KEBS Releases Findings After Indomie Poisoning Scare 

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    An image of Indomie instant noodles.
  • The Kenya Bureau of Standards (KEBS) on Thursday, May 12, said preliminary tests on Indomie sold in Kenya did not exhibit any signs of excessive aflatoxins.

    KEBS, while releasing its findings into the investigations on the popular quick fix meal following a poisoning scare that saw the product banned in a number of African countries, stated that the product in the Kenyan market was safe for human consumption. 

    Speaking to Citizen TV, KEBS Managing Director, Lt Col (Rtd) Benard Njiraini, stated that preliminary results of tests carried out on samples had no indication of any poisonous substance that would harm Kenyans.

    Njiraini added that the aflatoxin level in the products was within the recommended limits and thus did not pose any risk to consumers.

    Managing Director Bernard Njiraini making his remarks during the World Standards Celebration on October 15, 2020
    Capital Group

    "There are no aflatoxins beyond the 10 parts-per-billion (ppb) that is required of the standard," affirmed Njiraini.

    He further noted that the Indomie retailed in stores is manufactured locally and not imported from Egypt - the country that first raised the alarm on the product. He explained that the manufacturer only bought rights to use the franchise.

    "We did not import any product from Egypt. However, we have a local manufacturer of Indomie instant noodles. The trademark could be a franchise but the company producing this material is sourcing the material from locals while importing some of the ingredients," he added.

    KEBS Head of Testing Division, Tom Oduor, explained that the biochemistry lab had taken samples from across the country for analysis. The products were to be tested for aflatoxin levels and pesticide residue.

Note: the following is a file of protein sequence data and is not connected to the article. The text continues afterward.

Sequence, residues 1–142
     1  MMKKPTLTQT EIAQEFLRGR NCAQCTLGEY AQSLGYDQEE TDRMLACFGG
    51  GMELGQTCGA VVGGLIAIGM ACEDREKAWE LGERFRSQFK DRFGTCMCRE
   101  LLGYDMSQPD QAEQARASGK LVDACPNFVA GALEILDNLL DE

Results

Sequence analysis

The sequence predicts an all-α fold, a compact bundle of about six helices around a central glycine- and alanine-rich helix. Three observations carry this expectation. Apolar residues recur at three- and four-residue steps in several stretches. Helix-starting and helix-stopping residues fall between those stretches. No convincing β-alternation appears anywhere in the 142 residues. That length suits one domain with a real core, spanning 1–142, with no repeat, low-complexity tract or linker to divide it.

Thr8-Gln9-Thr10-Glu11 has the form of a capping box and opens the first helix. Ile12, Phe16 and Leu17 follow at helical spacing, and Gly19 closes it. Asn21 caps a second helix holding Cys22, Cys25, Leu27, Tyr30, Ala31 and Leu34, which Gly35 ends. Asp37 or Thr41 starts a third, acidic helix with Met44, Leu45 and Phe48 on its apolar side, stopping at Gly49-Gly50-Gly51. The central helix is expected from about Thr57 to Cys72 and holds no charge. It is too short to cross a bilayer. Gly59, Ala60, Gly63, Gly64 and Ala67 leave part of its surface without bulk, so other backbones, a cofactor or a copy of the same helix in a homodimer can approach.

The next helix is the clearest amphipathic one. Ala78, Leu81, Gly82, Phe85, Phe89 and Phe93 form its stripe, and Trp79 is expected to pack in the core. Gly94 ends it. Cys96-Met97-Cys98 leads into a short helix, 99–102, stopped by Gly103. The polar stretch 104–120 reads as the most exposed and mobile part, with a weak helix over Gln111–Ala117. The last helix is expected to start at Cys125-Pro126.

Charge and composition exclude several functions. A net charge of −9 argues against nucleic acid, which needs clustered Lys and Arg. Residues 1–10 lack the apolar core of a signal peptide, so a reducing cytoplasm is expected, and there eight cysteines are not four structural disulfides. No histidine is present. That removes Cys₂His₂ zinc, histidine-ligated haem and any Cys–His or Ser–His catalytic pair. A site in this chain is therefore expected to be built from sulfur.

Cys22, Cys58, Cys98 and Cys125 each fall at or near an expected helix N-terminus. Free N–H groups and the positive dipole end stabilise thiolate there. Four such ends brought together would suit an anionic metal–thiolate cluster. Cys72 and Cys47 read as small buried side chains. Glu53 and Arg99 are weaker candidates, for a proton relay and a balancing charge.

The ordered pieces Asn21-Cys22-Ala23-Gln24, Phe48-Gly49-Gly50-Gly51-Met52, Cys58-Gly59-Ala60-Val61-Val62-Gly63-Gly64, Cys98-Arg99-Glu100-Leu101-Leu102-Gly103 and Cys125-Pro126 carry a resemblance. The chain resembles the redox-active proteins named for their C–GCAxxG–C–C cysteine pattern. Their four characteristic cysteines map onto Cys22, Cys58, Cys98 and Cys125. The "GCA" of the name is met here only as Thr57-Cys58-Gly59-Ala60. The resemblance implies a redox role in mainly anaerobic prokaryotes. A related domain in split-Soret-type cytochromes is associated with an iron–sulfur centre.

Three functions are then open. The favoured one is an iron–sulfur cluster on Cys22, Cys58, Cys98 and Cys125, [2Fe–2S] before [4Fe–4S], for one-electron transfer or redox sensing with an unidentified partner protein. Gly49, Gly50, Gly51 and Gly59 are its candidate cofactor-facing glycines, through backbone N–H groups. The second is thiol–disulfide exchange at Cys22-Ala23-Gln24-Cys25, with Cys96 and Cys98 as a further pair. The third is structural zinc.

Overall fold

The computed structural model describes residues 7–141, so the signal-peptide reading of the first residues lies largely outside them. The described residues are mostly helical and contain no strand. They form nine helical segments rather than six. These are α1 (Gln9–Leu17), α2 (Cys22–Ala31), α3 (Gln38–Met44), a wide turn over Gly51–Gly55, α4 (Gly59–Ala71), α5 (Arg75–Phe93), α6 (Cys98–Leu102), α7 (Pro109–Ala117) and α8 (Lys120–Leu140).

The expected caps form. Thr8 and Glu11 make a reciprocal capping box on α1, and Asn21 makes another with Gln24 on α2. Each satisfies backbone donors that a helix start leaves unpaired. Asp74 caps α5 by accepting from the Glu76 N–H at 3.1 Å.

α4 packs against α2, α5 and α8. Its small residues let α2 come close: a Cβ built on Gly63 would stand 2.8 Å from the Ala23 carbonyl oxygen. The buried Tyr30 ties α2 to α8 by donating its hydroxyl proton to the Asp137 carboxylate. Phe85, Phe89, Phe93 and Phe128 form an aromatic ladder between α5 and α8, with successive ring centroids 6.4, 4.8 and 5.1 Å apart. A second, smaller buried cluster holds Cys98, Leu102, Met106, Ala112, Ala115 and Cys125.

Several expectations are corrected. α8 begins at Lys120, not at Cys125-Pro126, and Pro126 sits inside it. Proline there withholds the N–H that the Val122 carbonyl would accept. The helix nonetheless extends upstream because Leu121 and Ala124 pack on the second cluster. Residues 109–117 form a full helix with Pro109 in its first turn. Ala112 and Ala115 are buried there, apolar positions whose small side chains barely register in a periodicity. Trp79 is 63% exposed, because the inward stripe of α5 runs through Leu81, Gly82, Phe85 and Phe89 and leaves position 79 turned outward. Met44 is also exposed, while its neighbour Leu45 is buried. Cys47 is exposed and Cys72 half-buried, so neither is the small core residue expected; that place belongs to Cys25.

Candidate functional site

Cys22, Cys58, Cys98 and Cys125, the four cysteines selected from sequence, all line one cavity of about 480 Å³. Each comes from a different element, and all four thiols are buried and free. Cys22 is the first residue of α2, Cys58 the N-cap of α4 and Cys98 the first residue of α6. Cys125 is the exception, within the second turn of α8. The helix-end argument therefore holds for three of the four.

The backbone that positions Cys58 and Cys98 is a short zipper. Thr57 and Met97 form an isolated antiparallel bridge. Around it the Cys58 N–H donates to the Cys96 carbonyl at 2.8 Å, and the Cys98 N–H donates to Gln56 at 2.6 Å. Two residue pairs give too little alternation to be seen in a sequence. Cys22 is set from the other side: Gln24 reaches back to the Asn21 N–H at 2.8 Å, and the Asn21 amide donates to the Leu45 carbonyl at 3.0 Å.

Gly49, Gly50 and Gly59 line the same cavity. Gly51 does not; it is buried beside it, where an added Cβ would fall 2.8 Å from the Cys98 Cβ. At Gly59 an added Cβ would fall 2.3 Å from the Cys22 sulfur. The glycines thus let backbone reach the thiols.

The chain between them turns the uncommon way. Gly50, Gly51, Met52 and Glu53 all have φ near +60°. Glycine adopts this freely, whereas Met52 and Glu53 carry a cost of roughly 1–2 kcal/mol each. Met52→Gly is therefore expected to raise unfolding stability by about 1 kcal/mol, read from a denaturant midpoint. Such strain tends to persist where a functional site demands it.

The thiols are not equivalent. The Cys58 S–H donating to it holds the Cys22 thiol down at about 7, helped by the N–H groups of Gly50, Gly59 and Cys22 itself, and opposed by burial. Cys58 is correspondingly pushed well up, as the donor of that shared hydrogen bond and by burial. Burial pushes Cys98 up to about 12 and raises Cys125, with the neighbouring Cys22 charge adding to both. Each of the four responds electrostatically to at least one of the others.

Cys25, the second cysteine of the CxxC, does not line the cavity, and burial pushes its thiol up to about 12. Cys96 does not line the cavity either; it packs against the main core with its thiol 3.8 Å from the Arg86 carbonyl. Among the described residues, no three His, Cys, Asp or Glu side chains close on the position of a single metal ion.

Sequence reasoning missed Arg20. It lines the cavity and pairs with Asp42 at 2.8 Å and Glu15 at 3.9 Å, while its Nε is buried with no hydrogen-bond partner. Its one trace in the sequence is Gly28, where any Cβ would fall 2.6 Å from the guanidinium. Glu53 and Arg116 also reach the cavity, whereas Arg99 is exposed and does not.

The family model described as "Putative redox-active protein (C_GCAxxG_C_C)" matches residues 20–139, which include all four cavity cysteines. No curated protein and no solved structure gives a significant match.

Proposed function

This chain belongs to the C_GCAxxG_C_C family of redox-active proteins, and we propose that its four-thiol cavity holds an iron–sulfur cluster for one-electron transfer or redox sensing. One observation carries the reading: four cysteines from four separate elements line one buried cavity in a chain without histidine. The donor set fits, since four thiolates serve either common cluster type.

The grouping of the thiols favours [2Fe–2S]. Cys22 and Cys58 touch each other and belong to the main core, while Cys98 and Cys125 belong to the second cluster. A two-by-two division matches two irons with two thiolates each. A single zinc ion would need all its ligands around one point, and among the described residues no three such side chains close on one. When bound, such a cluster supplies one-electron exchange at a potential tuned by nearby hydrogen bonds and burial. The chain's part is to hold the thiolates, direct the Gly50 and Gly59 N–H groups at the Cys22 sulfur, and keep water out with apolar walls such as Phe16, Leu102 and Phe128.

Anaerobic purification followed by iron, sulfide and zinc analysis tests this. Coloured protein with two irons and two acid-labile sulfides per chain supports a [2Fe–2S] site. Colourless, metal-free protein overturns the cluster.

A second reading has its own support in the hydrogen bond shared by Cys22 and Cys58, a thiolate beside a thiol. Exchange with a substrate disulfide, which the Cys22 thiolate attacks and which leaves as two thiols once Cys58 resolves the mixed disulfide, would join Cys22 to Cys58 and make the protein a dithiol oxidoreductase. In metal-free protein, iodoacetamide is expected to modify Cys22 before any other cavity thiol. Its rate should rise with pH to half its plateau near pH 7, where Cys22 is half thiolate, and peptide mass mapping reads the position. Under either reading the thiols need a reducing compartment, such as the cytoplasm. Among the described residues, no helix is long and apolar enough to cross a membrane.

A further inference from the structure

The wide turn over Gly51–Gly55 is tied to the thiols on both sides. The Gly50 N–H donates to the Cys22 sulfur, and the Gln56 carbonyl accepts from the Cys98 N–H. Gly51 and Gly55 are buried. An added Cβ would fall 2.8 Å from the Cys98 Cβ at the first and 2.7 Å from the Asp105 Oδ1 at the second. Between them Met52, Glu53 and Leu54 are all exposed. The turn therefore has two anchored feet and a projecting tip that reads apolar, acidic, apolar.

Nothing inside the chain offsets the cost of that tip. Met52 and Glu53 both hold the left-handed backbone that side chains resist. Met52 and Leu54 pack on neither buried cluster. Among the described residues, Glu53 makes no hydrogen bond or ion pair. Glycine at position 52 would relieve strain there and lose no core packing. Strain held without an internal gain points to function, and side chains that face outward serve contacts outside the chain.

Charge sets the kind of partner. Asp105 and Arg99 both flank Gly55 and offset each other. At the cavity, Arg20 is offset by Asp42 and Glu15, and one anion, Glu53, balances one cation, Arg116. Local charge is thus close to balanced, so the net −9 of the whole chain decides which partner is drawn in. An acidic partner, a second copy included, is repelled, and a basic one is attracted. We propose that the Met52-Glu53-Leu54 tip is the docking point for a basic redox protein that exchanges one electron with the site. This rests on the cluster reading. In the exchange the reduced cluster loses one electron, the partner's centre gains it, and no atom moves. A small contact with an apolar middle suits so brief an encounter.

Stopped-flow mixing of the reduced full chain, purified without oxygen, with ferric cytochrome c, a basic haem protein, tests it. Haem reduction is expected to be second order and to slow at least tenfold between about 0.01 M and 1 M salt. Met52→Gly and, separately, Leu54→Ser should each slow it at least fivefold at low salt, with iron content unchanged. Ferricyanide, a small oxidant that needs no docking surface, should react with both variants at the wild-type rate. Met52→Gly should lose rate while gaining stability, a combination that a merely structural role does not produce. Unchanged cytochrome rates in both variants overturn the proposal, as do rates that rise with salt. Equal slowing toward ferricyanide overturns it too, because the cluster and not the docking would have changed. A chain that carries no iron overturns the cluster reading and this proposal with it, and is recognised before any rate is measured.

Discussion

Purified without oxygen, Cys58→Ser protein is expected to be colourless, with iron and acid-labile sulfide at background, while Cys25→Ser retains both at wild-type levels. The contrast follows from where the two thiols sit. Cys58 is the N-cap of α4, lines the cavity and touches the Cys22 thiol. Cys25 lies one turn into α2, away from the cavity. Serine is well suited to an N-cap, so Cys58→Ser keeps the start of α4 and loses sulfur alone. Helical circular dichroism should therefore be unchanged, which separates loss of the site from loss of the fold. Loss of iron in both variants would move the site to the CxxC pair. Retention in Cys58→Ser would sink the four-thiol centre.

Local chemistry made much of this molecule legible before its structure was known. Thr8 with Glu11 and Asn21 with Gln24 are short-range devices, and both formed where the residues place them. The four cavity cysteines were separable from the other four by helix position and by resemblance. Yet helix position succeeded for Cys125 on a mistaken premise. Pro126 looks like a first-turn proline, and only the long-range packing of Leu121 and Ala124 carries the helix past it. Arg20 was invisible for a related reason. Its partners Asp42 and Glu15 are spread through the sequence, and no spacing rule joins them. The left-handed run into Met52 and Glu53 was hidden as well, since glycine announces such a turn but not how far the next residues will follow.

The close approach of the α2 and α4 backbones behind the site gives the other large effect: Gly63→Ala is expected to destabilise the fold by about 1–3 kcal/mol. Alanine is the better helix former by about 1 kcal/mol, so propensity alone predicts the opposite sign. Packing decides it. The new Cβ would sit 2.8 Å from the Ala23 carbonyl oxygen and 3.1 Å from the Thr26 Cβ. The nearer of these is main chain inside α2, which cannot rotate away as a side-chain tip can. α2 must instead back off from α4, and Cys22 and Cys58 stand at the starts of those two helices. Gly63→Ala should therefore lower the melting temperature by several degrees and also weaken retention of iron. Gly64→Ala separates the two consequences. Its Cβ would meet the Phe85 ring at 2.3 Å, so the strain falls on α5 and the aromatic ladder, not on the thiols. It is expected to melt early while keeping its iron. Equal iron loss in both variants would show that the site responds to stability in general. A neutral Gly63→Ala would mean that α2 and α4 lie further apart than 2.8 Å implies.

He noted that the results on the pesticide residue would take longer owing to the lengthy laboratory procedure of preparing the samples and the wide variety of pesticides to look out for.

    "For pesticides, it takes about four hours to get one sample ready. When we talk of pesticide residue, it is a big population of about 80 being scrutinized in one sample," he noted.

    On May 5, the Consumer Federation of Kenya (COFEK) asked Kenyans to refrain from purchasing or consuming Indomie instant noodles following concerns raised by the COMESA Competition Commission. The Food and Safety Authority in Egypt had also recalled the product citing safety reasons.

    Among the flavours under scrutiny in Egypt were the chicken, chilli and vegetables while in Ghana, the chicken flavour was flagged for not being a registered product in the market.

    According to the World Health Organization (WHO), exposure to large quantities of pesticides may pose health risks to individuals including acute poisoning, cancer and adverse effects on reproduction.

    An image of KEBS offices
    A file image of the Kenya Bureau of Standards (KEBS) offices in Kisumu.